Persistent Link:
http://hdl.handle.net/10150/603463
Title:
Improving Daylight Illumination and Energy Efficiency Using an Atrium in a Mixed-Use Building
Author:
Godhamgaonkar, Anjali
Issue Date:
2005
Publisher:
The University of Arizona.
Rights:
Copyright © is held by the author. Digital access to this material is made possible by the College of Architecture, Planning, and Landscape Architecture, and the University Libraries, University of Arizona. Further transmission, reproduction or presentation (such as public display or performance) of protected items is prohibited except with permission of the author or the department.
Collection Information:
This item is part of the College of Architecture, Planning, and Landscape Architecture Master's Theses and Reports collections. For more information about items in this collection, please contact the UA Campus Repository at repository@u.library.arizona.edu.
Abstract:
Commercial /mixed use buildings in which electric lighting consumes more than 40% of all electric energy demands are discovering a changing need for daylight under the impacts of energy costs. Using atrium in a design can provide adequate light levels into the core spaces. This research attempts to bring the interior daylighting illumination levels within a mixed used commercial -residential building in a desired range of comfortable intensity by using atrium in combination with other daylighting strategies. This research aims to achieve adequate daylight, along all the levels in the atrium and also achieve comfortable intensities in the surrounding spaces. A mixed use atrium building on a site in Tucson, Arizona, was designed and investigated for daylight which involved physical model (experimental) study and computer simulation using software Superlite. Problem areas in daylight performance of the design with respect to the desired daylight factors were identified and analyzed to optimize the daylight illuminance to a adequate level. The results reveal that for optimization, the changes in atrium roof geometry works best in combination with other daylight strategies such as window area, window sill height, light shelf, surface reflectance etc. Atrium in combination with other strategies is found to make significant contribution in daylighting the deeper spaces thereby reducing the use of artificial lighting energy.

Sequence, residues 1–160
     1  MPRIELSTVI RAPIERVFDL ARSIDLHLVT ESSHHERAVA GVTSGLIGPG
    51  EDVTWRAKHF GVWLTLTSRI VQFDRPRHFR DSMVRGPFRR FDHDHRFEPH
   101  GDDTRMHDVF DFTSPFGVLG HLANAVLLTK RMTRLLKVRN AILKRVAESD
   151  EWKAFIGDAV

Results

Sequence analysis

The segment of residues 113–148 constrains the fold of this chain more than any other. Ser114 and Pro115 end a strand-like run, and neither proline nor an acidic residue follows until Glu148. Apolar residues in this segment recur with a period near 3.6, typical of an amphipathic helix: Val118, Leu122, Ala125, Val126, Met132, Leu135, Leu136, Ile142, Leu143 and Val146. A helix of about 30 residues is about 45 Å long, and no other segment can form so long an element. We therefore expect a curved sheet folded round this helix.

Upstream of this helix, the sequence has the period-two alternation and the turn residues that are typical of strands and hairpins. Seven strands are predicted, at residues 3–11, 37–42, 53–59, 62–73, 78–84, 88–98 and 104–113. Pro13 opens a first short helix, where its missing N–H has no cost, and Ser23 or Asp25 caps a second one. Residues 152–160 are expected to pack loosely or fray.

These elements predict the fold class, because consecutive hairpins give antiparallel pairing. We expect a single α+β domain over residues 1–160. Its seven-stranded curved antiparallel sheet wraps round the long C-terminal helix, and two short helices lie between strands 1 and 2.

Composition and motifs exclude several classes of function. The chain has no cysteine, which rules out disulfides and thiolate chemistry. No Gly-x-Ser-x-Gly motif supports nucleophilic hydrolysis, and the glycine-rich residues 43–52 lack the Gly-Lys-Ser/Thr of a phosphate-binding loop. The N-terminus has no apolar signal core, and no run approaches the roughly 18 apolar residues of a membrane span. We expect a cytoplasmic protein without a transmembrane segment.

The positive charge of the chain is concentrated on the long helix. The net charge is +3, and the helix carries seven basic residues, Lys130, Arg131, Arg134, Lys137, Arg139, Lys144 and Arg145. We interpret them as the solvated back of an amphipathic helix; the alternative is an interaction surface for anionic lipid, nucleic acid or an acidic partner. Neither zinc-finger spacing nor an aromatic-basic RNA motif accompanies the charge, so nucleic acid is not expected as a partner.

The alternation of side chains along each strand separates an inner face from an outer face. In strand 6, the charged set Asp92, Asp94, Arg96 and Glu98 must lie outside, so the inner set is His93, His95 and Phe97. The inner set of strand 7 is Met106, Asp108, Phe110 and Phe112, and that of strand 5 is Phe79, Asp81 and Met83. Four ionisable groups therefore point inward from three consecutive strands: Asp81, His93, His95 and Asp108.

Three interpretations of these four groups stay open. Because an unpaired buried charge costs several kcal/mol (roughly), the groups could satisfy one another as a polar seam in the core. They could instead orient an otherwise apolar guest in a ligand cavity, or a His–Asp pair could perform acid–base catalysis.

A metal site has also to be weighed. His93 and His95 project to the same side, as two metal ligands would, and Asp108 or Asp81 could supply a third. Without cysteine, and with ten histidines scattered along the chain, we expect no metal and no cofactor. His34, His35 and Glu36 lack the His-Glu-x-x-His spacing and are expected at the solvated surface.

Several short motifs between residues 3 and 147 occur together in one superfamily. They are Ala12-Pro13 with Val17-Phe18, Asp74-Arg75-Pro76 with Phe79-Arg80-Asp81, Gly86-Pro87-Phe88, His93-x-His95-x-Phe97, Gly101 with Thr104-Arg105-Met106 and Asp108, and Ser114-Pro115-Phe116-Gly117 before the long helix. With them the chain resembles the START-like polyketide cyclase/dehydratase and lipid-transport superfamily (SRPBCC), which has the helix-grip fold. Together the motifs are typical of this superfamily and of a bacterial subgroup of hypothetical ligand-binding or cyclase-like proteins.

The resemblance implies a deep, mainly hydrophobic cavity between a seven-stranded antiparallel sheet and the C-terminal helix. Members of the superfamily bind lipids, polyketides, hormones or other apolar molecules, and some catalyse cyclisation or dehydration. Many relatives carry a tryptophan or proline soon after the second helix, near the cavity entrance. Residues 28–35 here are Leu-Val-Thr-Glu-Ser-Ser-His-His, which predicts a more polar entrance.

Type:
text; Thesis-Reproduction (electronic)
Degree Name:
M.A.
Degree Level:
masters
Degree Program:
Architecture
Degree Grantor:
University of Arizona
Committee Chair:
Chalfoun, Nader

Full metadata record

DC FieldValue Language
dc.language.isoen_USen
dc.titleImproving Daylight Illumination and Energy Efficiency Using an Atrium in a Mixed-Use Buildingen_US
dc.contributor.authorGodhamgaonkar, Anjalien
dc.date.issued2005en
dc.publisherThe University of Arizona.en
dc.rightsCopyright © is held by the author. Digital access to this material is made possible by the College of Architecture, Planning, and Landscape Architecture, and the University Libraries, University of Arizona. Further transmission, reproduction or presentation (such as public display or performance) of protected items is prohibited except with permission of the author or the department.en
dc.description.collectioninformationThis item is part of the College of Architecture, Planning, and Landscape Architecture Master's Theses and Reports collections. For more information about items in this collection, please contact the UA Campus Repository at repository@u.library.arizona.edu.en
dc.description.abstractCommercial /mixed use buildings in which electric lighting consumes more than 40% of all electric energy demands are discovering a changing need for daylight under the impacts of energy costs. Using atrium in a design can provide adequate light levels into the core spaces. This research attempts to bring the interior daylighting illumination levels within a mixed used commercial -residential building in a desired range of comfortable intensity by using atrium in combination with other daylighting strategies. This research aims to achieve adequate daylight, along all the levels in the atrium and also achieve comfortable intensities in the surrounding spaces. A mixed use atrium building on a site in Tucson, Arizona, was designed and investigated for daylight which involved physical model (experimental) study and computer simulation using software Superlite. Problem areas in daylight performance of the design with respect to the desired daylight factors were identified and analyzed to optimize the daylight illuminance to a adequate level. The results reveal that for optimization, the changes in atrium roof geometry works best in combination with other daylight strategies such as window area, window sill height, light shelf, surface reflectance etc. Atrium in combination with other strategies is found to make significant contribution in daylighting the deeper spaces thereby reducing the use of artificial lighting energy.en
dc.description.noteCollege of Architecture provided copy for digitization.en
dc.typetexten
dc.typeThesis-Reproduction (electronic)en
thesis.degree.nameM.A.en
thesis.degree.levelmastersen
thesis.degree.disciplineArchitectureen
thesis.degree.grantorUniversity of Arizonaen
dc.contributor.chairChalfoun, Naderen
dc.contributor.committeememberHammann, Ralphen
dc.contributor.committeememberMedlin, Larryen
dc.identifier.urihttp://hdl.handle.net/10150/603463en
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